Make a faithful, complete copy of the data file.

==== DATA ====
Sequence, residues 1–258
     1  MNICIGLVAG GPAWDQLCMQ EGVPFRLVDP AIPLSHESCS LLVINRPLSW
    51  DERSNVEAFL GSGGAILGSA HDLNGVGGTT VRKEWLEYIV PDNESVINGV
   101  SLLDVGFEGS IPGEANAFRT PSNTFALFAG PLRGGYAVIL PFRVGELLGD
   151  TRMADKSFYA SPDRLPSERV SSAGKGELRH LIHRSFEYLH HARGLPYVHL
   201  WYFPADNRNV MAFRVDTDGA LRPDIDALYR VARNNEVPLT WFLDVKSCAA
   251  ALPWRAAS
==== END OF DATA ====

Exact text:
Sequence, residues 1–258
     1  MNICIGLVAG GPAWDQLCMQ EGVPFRLVDP AIPLSHESCS LLVINRPLSW
    51  DERSNVEAFL GSGGAILGSA HDLNGVGGTT VRKEWLEYIV PDNESVINGV
   101  SLLDVGFEGS IPGEANAFRT PSNTFALFAG PLRGGYAVIL PFRVGELLGD
   151  TRMADKSFYA SPDRLPSERV SSAGKGELRH LIHRSFEYLH HARGLPYVHL
   201  WYFPADNRNV MAFRVDTDGA LRPDIDALYR VARNNEVPLT WFLDVKSCAA
   251  ALPWRAAS